NCI Cancer Bulletin: A Trusted Source for Cancer Research NewsNCI Cancer Bulletin: A Trusted Source for Cancer Research News
November 29, 2005 • Volume 2 / Number 46 E-Mail This Document  |  Download PDF  |  Bulletin Archive/Search  |  Subscribe

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SpotlightSpotlight

Communicating About Cancer Pain

Pain can be a harsh reality of cancer. Cancer pain can be caused by a tumor or related to treatment such as radiation and chemotherapy. When surgery is indicated, postsurgical pain is also a consideration.

Studies show that anywhere from 30 to 50 percent of patients who undergo active treatment for cancer and 70 percent of those with advanced stages of the disease experience significant pain and may be reluctant to discuss their pain with their doctors.

Not all pain experienced by cancer patients is due to the cancer itself. "About 75 percent of the pain encountered in cancer patients is due to the cancer, while the balance results from treatments and procedures, such as neuropathic pain following a mastectomy," said Dr. Ann Berger, chief of the Pain and Palliative Care Service at the National Institutes of Health Clinical Center. "Cancer patients might also have migraine headaches, arthritis, or other medical conditions unrelated to their cancer that also need to be treated."

Clinicians have designed scales to help patients communicate their pain levels. If the pain is described as shooting down a leg or a tingling sensation in the hands or feet, this information can be crucial to determining the appropriate therapy. "A significant advance is that the Joint Commission on Accreditation of Healthcare Organizations now requires physicians to ask patients about pain," noted Dr. Berger. "Pain is now the fifth vital sign, like blood pressure and temperature. Physicians are required to ask patients more often about their pain."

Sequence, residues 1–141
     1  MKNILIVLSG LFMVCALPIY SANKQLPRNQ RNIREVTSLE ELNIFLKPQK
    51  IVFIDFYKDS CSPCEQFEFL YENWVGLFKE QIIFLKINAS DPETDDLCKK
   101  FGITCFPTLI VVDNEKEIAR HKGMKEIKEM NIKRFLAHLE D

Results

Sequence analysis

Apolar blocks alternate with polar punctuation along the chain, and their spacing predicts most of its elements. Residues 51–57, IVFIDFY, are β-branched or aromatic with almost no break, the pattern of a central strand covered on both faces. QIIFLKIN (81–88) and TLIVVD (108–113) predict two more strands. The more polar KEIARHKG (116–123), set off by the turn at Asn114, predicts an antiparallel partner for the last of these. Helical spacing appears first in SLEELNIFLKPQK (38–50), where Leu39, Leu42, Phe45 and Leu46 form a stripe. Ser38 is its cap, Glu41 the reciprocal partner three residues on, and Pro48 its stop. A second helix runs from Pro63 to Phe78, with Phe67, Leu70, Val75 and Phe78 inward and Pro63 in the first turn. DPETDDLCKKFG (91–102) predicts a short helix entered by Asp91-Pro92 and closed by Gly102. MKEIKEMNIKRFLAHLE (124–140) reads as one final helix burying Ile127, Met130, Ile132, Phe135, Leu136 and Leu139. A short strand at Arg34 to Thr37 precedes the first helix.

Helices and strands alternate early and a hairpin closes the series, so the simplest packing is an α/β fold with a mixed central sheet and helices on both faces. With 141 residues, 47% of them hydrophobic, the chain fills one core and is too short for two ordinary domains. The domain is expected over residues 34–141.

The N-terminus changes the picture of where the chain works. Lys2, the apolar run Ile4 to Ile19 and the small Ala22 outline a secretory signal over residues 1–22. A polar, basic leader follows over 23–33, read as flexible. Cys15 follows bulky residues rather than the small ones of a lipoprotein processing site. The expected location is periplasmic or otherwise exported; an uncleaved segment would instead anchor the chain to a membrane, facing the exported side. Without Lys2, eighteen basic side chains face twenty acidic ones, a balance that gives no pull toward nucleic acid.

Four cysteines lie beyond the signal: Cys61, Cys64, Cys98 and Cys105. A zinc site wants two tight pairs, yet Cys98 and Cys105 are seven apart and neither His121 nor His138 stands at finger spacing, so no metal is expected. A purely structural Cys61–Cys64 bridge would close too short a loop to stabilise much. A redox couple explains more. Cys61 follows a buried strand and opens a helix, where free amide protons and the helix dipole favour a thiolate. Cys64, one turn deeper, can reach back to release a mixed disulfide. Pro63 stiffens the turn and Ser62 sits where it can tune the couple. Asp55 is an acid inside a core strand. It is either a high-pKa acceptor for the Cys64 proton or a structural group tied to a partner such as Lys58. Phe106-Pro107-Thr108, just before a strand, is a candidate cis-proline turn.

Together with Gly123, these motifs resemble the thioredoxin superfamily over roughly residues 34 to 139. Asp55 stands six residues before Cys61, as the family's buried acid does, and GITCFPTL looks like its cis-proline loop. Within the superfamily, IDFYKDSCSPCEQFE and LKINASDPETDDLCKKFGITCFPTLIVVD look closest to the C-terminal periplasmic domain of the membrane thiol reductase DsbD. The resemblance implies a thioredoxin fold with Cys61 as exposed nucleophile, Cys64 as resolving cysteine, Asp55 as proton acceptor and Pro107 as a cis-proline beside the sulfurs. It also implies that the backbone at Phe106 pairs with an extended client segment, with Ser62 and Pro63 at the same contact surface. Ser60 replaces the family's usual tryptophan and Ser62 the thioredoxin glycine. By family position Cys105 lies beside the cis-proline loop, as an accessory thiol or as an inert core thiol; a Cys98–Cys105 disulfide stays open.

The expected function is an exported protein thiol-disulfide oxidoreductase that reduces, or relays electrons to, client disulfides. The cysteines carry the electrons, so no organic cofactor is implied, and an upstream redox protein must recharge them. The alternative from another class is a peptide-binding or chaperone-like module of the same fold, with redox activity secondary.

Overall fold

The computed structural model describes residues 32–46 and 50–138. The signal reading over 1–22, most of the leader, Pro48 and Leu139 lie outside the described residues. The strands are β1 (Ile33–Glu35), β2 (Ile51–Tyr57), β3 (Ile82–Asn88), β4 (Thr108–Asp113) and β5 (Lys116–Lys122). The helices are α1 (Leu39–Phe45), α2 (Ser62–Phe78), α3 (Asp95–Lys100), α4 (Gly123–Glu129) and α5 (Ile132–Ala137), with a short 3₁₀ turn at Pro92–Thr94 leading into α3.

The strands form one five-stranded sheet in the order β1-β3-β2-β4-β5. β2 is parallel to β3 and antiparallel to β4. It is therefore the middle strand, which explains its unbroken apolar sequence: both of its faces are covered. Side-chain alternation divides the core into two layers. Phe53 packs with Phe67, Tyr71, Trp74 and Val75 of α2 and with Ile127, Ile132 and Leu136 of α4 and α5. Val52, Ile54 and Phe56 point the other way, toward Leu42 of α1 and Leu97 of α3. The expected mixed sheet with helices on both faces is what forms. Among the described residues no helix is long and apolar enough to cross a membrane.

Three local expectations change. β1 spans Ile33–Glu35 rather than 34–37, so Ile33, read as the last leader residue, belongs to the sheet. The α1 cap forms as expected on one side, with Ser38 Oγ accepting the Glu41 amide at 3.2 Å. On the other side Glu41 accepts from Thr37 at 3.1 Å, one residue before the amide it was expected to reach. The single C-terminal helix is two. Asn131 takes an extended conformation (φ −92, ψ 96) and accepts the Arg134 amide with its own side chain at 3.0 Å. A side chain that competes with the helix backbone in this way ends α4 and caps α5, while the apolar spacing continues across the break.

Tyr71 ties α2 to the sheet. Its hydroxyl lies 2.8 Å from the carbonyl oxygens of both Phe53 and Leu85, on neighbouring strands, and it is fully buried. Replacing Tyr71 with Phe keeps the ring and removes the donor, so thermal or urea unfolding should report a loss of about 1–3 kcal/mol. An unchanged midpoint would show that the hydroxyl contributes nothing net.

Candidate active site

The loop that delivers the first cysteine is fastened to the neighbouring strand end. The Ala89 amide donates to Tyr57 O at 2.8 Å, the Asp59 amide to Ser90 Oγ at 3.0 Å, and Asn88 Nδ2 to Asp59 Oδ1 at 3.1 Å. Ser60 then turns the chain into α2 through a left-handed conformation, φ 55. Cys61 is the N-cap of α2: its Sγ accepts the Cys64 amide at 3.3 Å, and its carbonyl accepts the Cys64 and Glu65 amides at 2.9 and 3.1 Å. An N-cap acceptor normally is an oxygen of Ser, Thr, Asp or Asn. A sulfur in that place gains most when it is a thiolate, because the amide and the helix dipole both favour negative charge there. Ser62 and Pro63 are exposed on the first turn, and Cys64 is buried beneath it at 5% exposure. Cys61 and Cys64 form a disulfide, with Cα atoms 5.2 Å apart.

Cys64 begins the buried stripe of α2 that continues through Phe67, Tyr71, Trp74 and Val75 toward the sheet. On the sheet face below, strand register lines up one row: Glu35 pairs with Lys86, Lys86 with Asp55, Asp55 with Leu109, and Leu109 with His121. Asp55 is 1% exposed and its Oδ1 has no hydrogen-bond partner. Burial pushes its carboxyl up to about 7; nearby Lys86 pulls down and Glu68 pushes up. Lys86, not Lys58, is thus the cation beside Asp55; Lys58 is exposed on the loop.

"Patients have also stated that they don't discuss pain symptoms for fear that it will distract from talking about treating their disease," said Dr. Ann O'Mara, a program director at NCI's Division of Cancer Prevention. "Patients can be hesitant to discuss their pain due to fear that the pain is a sign that the cancer has returned."

NCI is sponsoring research that examines the barriers that prevent patients from talking about pain and their symptoms. "Patients must become empowered. When it comes to pain and symptom management, they have an important role," commented Dr. O'Mara.

In one study, researchers developed an assessment questionnaire to help patients report their symptoms. The study's goal is to determine the most effective method of enabling patients and doctors to broach the subject of pain, resulting in improved symptom management.

NCI is attempting to dispel the many myths about cancer and pain. One prevalent belief is that cancer is always associated with chronic, unrelieved pain. While many cancer patients will experience some level of pain during or after their treatment, it can be relieved in 80 to 85 percent of patients. The remaining 15 to 20 percent experience pain that can be difficult to resolve. But, even the most intractable pain can be relieved to some degree.

Another common belief - held by many cancer patients, their families, and some physicians - is that treating cancer patients for pain can lead to addiction. "Many people misunderstand the difference between addiction and physical dependence," noted Dr. O'Mara. "Addiction is a chronic, psychological state with contributing genetic and environmental factors. It is characterized by impaired control over drug use, compulsive use, craving, and continued use despite harm. Physical dependence, on the other hand, is an expected outcome with chronic use of narcotics. When the drug is abruptly withdrawn, a patient may experience specific physical reactions. However, after treatment and the cancer resolves, the dose of pain medication should be slowly decreased, enabling a patient to withdraw from the drug without side effects."

Treating pain requires constant reassessment. Clinicians should ask specific questions of their patients. It may not be sufficient to just ask, "How are you doing today?" For proper assessment, clinicians need to help patients verbalize the impact that pain is having on their daily lives. Dr. O'Mara suggested more specific questions, such as, "How have you been sleeping, what is the level of your fatigue, or how is pain affecting your work routine?"

"Just giving a pain medication is not enough. There must be continuous discussion with the patient to determine how the medication is working and how they are coping," concluded Dr. O'Mara.

By Lynette Grouse and
Dorie Hightower